The Development of Airport Culture

Over the years airports around the world have developed into centres of culture, recreation and business. is hard to believe that airports were initially small functional buildings and now they are multi-purpose hubs with retail outlets, dining facilities, hotels and much more to match the customers’ ever-changing demands.

The first airports started out as grassy fields. It was not until the increased aircraft traffic during WWI that landing fields were actually constructed. Regulations for approaching from certain directions were then introduced along with aids for actually directing the approach. The landing and takeoff distance was roughly 600m and the total area of the airfields was 500 acres max. During the late 1930s, when heavier planes were introduced, takeoff and landing distances became longer and so the size of the airfields doubled.

Following WWII, several military airfields created facilities to handle passenger traffic. These passenger buildings were grouped together in a building called the ‘terminal’ with the runways to the side. This set up formulated the traditional layout that we see in airports today. As the demands of passenger traffic heightened, the need for larger spaces of up to 17,500 acres prompted airports to move to the outskirts of towns.

The 1960s saw the increase in jet aircraft traffic and the lengthening of runways to 3,000 metres long. The innovation of the jet bridge system to the terminal also allowed indoor passenger boarding. It was during this time – when commercial flight became popular – that the airport started to dedicate more and more space to passenger facilities of retail, dining and leisure as passengers were looking to entertain themselves whilst waiting for their flights. As a result, airports which originally only had a holding room and a newsstand, have developed into travel centres with high end fashion shopping malls, gourmet restaurants and other facilities like spas, cinemas and even art galleries.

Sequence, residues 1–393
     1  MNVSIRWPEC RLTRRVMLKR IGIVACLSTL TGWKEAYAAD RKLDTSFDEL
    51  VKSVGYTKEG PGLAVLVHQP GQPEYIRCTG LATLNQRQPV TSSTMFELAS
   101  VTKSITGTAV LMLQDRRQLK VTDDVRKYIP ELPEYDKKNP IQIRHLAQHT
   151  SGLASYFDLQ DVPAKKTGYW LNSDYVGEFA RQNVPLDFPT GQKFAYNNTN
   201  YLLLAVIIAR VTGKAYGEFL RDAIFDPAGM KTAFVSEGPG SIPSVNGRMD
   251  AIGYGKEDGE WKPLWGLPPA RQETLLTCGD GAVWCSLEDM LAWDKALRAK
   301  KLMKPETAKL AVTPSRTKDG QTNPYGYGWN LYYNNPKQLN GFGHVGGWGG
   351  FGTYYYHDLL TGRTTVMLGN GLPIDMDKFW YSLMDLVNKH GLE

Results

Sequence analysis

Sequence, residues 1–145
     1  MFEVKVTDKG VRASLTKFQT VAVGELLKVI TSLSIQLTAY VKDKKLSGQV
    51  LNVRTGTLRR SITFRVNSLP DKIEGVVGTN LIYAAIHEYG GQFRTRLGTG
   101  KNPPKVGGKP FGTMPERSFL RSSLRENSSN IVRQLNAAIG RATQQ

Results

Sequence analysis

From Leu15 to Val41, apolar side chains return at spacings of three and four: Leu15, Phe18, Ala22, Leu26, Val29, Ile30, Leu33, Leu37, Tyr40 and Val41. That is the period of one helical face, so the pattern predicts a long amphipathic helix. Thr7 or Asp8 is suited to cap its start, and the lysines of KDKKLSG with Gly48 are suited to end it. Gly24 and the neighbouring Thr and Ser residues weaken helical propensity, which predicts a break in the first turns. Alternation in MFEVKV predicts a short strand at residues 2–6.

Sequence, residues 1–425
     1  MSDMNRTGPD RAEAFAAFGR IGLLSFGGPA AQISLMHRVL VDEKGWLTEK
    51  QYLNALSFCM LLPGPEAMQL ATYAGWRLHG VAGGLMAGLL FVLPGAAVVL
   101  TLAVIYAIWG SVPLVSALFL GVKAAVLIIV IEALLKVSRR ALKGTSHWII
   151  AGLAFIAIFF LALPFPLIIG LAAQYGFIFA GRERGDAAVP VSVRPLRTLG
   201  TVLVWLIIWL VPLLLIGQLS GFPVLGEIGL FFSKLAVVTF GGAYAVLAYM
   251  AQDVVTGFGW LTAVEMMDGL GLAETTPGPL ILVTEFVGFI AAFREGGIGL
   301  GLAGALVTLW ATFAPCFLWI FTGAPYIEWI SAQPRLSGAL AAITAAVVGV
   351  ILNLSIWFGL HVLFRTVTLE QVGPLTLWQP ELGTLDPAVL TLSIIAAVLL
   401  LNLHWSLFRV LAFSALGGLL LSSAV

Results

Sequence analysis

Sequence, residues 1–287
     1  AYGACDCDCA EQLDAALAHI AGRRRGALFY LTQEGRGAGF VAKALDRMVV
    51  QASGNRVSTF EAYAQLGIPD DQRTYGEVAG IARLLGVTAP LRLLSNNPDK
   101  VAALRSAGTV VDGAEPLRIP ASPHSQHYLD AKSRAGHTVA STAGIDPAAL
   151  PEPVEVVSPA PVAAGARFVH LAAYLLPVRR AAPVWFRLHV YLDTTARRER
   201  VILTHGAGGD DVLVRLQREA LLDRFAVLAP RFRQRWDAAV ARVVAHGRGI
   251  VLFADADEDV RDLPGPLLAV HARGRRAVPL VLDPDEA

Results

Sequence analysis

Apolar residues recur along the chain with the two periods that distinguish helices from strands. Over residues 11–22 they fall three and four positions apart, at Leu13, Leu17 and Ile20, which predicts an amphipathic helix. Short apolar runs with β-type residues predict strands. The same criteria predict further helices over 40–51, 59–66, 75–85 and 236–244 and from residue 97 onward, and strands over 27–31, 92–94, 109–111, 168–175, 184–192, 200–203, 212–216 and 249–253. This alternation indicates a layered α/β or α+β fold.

Nowadays airports like Gatwick Airport have shops such as Fat Face, Ray Ban and World Duty Free as well as a variety of restaurants and cafes including Giraffe, Yo! Sushi and Starbucks, whilst Munich Airport has a sports arena where passengers or locals can watch a volleyball tournament or even a polo match.

Passengers at Changi and Dubai Airports can watch aircraft arriving and departing while taking a dip in their outdoor pool or can visit their Butterfly and Zen Gardens and you can even ice skate at Icheon Airport.

Although the primary function of any airport is still to provide air transport, retail and food outlets provide nearly half of the revenue at some of the biggest airports. At Gatwick, 10.6% of the combined area of the North and South Terminals is dedicated to retail facilities.

In recent years, airports have aimed to provide not only leisure facilities but business facilities too through 4 or 5 star hotels like Gatwick’s Sofitel. Other twenty-first century evolutions include changes to the interior of the airport. Previously, space for check-in, security and baggage handling was extremely important but the use of self-service kiosks, smart-phone boarding passes and online check-in means that more space than ever before can be dedicated to additional retail and leisure facilities.

The airports of today have more amenities than anyone would have thought possible when looking back at the days of those small grass fields. With their multi-functional infrastructure they are not only important to the local area but are also considered to be full-fledged cities in their own right.

Having been parking cars at Gatwick Airport since 1984, we at I Love meet and greet have seen the airport develop into the second busiest airport in the UK. Whether you come to the airport to shop, eat, sleep or fly, make sure you book with I Love meet and greet so that you have enough time to enjoy the extensive facilities.

By Sarah Anglim at 22 Sep 2015

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